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A denser, more perfect diamond.

Scientists have created a diamond that packs in more atoms per cubic centimeter than any other material known to exist at atmospheric pressure. Chemists from the General Electric Research and Development Center in Schenectady N.Y., made the synthetic diamond using carbon atoms containing an extra neutron. Natural diamond usually contains no more than 1 percent of this carbon-13 isotope, but carbon-13 represents 99 percent of the new gem, says William F Banholzer, a GE chemical engineer.

High-resolution X-ray diffraction measurements of one natural diamond and five of Ge's synthetic stones show that the heavier carbon atoms crowd a little more closely together than do carbon-12 atoms, says Harry Holloway, who carried out the analysis with his colleagues at Ford Motor Co. in Dearborn, Mich. In the Oct. 1 PHYSICAL REVIEW B, the Ford and GE scientists also describe the superior crystal quality of these synthetic diamonds. The quality almost matches that of silicon semiconductors, which include some of the least-flawed crystals known, Banholzer says.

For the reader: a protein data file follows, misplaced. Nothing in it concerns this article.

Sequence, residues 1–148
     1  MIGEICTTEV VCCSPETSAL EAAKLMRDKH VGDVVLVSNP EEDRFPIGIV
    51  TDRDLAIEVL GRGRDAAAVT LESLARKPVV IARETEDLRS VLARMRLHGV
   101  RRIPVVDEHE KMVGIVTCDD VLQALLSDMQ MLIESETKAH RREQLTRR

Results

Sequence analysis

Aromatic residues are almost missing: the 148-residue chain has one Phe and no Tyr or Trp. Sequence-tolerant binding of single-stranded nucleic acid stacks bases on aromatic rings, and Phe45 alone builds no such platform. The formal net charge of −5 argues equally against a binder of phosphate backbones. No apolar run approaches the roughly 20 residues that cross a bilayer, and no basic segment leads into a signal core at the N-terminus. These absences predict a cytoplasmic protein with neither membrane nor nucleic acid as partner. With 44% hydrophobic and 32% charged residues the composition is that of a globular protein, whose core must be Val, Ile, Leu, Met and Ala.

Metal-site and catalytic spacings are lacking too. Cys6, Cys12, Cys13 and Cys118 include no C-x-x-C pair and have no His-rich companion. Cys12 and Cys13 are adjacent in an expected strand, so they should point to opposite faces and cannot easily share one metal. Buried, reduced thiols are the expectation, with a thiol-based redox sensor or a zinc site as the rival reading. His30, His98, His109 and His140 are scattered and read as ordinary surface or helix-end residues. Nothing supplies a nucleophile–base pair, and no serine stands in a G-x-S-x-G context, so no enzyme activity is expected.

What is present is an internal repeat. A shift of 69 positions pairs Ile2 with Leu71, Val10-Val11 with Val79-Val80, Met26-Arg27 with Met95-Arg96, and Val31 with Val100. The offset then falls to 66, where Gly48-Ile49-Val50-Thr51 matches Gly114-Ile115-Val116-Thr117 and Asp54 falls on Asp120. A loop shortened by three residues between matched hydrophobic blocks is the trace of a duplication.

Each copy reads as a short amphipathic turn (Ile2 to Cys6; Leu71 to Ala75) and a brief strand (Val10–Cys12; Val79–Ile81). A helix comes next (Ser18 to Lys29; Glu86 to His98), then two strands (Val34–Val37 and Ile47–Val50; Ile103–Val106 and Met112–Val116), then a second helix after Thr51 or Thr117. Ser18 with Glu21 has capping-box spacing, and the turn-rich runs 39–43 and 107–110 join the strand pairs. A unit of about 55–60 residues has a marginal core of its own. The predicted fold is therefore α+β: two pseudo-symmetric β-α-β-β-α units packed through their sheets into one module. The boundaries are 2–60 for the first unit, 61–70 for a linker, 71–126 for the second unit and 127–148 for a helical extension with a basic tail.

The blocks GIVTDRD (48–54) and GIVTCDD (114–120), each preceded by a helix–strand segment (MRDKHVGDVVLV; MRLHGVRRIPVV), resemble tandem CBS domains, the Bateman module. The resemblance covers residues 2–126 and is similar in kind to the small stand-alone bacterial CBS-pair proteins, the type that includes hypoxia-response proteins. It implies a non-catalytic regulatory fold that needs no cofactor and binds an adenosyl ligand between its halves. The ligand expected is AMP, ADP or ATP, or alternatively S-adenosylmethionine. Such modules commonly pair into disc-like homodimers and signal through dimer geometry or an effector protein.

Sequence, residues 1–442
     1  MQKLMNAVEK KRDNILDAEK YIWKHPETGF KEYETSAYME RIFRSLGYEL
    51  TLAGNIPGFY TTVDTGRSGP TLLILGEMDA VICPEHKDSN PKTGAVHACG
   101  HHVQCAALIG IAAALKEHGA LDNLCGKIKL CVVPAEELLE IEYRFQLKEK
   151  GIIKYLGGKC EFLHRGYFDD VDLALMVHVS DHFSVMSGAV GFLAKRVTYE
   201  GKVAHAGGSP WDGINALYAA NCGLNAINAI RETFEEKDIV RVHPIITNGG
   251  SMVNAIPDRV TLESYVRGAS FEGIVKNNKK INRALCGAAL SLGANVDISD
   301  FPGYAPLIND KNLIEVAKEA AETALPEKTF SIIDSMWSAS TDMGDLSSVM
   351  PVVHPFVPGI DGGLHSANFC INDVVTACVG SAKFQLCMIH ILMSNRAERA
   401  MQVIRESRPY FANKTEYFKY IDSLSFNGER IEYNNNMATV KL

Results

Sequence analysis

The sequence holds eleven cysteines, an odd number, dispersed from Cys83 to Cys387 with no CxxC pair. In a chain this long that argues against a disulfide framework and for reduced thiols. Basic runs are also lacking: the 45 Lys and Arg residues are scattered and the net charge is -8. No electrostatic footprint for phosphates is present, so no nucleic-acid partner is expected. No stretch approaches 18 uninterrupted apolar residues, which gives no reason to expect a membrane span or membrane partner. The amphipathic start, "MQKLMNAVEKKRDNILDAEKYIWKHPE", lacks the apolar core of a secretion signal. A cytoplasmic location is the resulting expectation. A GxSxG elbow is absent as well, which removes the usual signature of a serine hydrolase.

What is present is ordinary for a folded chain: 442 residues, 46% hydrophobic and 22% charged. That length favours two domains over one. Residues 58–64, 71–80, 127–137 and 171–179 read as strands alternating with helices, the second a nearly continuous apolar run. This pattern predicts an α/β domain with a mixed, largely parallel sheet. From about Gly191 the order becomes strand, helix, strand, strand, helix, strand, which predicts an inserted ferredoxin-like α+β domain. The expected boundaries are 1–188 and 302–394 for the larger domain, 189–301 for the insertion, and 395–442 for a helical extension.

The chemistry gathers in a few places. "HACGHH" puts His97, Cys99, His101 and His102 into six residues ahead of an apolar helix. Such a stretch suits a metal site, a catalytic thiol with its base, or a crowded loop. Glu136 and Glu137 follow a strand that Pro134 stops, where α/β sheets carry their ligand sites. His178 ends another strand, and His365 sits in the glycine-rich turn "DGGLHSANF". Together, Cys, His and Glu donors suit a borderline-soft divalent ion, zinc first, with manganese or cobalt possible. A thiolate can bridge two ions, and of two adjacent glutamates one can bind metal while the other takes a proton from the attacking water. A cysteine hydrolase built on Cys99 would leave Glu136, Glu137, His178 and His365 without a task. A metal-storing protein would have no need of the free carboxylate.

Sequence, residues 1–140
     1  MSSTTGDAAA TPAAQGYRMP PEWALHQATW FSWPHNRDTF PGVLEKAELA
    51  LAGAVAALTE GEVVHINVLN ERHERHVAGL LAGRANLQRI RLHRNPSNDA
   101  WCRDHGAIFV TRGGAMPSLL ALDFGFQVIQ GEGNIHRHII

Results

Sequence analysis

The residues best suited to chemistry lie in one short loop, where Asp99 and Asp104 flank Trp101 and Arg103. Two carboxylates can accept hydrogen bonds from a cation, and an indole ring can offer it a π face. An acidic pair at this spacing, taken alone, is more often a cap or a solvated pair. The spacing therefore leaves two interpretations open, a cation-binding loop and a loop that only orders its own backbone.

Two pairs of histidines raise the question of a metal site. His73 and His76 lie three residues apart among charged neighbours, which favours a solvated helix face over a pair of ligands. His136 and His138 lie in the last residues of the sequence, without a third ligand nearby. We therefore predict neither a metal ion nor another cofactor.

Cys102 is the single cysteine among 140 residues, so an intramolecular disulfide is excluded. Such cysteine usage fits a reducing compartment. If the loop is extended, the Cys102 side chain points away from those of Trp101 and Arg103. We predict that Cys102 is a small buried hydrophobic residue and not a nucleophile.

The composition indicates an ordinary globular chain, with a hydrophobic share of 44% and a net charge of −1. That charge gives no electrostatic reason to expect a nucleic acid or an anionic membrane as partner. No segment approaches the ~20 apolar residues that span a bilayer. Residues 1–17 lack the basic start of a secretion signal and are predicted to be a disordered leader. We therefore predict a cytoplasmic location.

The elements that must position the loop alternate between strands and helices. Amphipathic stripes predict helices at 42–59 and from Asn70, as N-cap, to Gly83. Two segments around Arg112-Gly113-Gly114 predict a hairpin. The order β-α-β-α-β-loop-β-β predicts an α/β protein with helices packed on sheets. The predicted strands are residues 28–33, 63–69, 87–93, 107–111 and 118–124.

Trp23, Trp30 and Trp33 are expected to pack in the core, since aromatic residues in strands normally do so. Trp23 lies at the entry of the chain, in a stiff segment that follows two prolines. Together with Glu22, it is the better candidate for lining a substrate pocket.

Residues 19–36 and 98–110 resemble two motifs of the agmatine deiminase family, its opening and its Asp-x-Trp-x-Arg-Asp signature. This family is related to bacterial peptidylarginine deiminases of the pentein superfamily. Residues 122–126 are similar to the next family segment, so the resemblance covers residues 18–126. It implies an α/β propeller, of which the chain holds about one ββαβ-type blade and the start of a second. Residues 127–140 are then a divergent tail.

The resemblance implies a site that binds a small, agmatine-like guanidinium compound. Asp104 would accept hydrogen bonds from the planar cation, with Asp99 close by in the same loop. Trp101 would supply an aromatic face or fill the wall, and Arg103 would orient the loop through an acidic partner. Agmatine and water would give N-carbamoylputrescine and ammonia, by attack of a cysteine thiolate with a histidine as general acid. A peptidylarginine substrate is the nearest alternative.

The GE researchers produce the gems by first making clusters of very tiny diamonds that contain the desired amount of the heavier carbon. To do this, they use a process called chemical vapor deposition and control the diamond's composition by varying the isotopic content of the methane gas used as the carbon source. Then the researchers apply very high pressure to dissolve and recrystallize a cluster into a single gem.

Previously, GE scientists had discovered that by lowering the carbon-13 content below that of natural diamonds, they could make synthetic diamond that conducts heat more efficiently and withstands more laser energy than the best natural diamonds (SN: 7/21/90, p.37). The researchers are now testing the properties of the carbon-13 diamonds, and they expect the new synthetics to surpass the hardness of natural diamonds.
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Publication:Science News
Date:Nov 2, 1991
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